We posted recently about attorney’s fees in Pennsylvania. Let’s take a look at how a dispute over fees actually plays out.
A Montgomery County Orphans’ Court case, DeVitis Estate, is a cautionary tale for executors. It shows what judges will do when faced with unexplained fees. In this case, the deceased named her daughter executor of the estate. Due to perceived foul play, two beneficiaries of the estate requested an audit of the estate and then filed objections to the accounting.
One objection involved the executors and attorney’s fees paid by the estate. In this instance the residuary was insufficient to cover the assessed fees. To pay for the fee, the executrix sold off the decedent’s residence and used the sale money to cover these expenses. The challenging beneficiaries’ inheritance was directly reduced by this maneuver.
At trial, the executor failed to provide evidence justifying her commission or the attorney’s fees. This did not mean she was entitled to no fee, as an executor is statutorily entitled to reasonable and just compensation. However, without a detailed explanation of the fee, the judge simply assumed the estate was plain vanilla. The judge concluded the executor and attorney did no special work above and beyond that of a typical estate.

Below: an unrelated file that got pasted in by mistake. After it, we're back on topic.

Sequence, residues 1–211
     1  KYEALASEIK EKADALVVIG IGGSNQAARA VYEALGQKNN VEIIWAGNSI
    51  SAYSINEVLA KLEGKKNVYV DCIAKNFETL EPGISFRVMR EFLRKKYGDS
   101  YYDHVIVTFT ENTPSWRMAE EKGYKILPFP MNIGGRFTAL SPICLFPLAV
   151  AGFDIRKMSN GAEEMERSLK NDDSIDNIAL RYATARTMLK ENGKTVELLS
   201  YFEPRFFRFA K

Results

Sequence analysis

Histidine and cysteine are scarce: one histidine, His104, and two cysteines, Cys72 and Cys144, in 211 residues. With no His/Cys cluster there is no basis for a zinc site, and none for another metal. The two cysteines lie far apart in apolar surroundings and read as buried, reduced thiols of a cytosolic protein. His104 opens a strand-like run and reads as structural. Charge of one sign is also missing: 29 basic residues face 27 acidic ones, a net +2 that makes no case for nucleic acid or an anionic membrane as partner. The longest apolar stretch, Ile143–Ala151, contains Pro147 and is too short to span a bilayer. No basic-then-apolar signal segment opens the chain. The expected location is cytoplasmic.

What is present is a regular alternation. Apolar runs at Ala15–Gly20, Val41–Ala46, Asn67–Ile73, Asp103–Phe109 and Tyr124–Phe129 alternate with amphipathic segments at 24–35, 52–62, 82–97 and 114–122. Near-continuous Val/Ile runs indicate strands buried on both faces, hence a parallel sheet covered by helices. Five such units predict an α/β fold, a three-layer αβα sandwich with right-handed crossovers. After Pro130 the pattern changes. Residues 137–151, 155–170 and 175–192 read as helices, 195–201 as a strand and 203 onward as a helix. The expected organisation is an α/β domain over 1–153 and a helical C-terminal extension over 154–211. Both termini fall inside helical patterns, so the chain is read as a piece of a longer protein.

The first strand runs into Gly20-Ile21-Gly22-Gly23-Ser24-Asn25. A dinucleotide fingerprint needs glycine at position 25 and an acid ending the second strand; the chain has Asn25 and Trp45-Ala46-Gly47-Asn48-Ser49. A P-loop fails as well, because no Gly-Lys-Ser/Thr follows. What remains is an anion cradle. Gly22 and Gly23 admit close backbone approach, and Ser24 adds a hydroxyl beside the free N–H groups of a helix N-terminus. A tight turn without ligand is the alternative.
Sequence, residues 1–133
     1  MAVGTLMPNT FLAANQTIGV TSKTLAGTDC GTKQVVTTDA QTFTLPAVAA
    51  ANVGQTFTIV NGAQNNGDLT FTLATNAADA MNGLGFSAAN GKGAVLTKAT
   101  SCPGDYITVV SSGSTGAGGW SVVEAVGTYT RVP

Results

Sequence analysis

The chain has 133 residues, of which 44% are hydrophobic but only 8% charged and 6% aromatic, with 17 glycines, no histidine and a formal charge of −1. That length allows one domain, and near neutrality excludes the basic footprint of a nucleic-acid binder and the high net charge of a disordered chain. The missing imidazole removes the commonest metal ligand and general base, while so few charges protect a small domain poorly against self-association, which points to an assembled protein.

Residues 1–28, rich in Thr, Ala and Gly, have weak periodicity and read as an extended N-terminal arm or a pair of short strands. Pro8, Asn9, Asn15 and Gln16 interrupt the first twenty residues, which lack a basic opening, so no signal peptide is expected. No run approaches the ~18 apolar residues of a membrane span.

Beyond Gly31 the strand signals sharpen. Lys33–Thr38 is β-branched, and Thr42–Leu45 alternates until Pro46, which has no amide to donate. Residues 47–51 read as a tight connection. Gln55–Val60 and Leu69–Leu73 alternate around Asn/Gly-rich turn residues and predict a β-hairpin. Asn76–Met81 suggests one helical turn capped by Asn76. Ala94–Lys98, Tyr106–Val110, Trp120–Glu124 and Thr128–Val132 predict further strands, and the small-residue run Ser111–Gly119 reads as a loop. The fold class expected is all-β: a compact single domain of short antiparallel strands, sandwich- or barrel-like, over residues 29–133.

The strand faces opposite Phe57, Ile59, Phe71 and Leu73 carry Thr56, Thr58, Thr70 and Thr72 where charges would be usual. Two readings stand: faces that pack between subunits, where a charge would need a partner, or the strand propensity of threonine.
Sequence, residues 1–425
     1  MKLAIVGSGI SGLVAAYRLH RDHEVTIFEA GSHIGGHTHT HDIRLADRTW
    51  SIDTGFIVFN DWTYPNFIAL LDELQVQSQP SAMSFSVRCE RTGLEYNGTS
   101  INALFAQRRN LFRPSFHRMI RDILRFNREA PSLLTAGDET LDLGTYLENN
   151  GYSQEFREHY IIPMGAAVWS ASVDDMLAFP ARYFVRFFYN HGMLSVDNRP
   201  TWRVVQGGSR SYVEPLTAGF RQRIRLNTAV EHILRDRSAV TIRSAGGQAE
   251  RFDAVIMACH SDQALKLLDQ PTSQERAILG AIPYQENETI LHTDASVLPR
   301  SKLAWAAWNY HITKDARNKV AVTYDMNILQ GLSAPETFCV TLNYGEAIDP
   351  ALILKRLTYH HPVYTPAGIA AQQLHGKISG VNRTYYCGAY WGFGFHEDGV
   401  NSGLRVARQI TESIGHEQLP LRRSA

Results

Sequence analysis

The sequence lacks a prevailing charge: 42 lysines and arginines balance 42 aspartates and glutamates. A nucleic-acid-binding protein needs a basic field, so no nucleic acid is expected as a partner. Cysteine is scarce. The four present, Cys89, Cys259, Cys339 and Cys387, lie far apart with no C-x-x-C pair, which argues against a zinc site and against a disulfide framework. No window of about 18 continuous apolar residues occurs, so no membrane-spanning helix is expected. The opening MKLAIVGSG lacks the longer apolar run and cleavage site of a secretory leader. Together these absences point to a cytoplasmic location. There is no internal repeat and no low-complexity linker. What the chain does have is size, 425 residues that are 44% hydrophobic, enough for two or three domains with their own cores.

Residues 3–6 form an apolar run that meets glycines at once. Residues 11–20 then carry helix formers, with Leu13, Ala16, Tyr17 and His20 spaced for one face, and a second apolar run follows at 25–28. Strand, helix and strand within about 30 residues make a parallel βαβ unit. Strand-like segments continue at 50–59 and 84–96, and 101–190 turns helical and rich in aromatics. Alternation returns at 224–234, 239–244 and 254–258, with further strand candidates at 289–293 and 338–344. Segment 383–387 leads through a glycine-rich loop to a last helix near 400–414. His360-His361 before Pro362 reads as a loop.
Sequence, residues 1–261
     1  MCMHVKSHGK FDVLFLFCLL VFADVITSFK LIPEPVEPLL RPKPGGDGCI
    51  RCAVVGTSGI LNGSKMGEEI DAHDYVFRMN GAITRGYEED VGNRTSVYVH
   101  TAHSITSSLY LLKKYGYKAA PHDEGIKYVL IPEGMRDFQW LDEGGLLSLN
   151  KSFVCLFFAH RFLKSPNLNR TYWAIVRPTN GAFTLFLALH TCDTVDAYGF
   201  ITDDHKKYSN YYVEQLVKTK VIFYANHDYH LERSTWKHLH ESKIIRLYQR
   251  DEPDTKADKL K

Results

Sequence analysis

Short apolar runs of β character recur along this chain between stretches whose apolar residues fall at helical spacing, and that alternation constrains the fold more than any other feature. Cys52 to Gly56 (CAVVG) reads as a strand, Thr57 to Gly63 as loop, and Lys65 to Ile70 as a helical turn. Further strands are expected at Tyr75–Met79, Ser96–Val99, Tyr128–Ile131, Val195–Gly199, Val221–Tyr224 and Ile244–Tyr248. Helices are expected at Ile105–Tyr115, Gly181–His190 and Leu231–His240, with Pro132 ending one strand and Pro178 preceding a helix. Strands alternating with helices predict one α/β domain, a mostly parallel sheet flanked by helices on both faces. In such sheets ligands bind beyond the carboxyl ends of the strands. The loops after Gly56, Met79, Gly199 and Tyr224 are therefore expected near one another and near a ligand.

If you read the previous post on fees, you may remember the Johnson fee schedule. It’s an unofficial schedule attached to a Delaware County Orphans’ Court Judge’s opinion from 1983. It remains widely used by attorneys and judges as an estate administration fee benchmark. The executrix in DeVitis learned exactly how persuasive that benchmark remains.
The judge calculated the Johnson executor and attorney fee. Then compared it with the fee charged in the case. Both the Executor and Attorney had been paid 50% more than the suggested Johnson fee. Since no evidence was provided to explain the increased fee, the enhanced fee was reduced. Instead, the fees were set in accordance with Johnson and the executrix had to personally repay the estate both her and the attorney’s excess fees. This typical and costly result should give executors pause at the outset to ensure the estate’s attorney is knowledgeable and experienced in probate matters.
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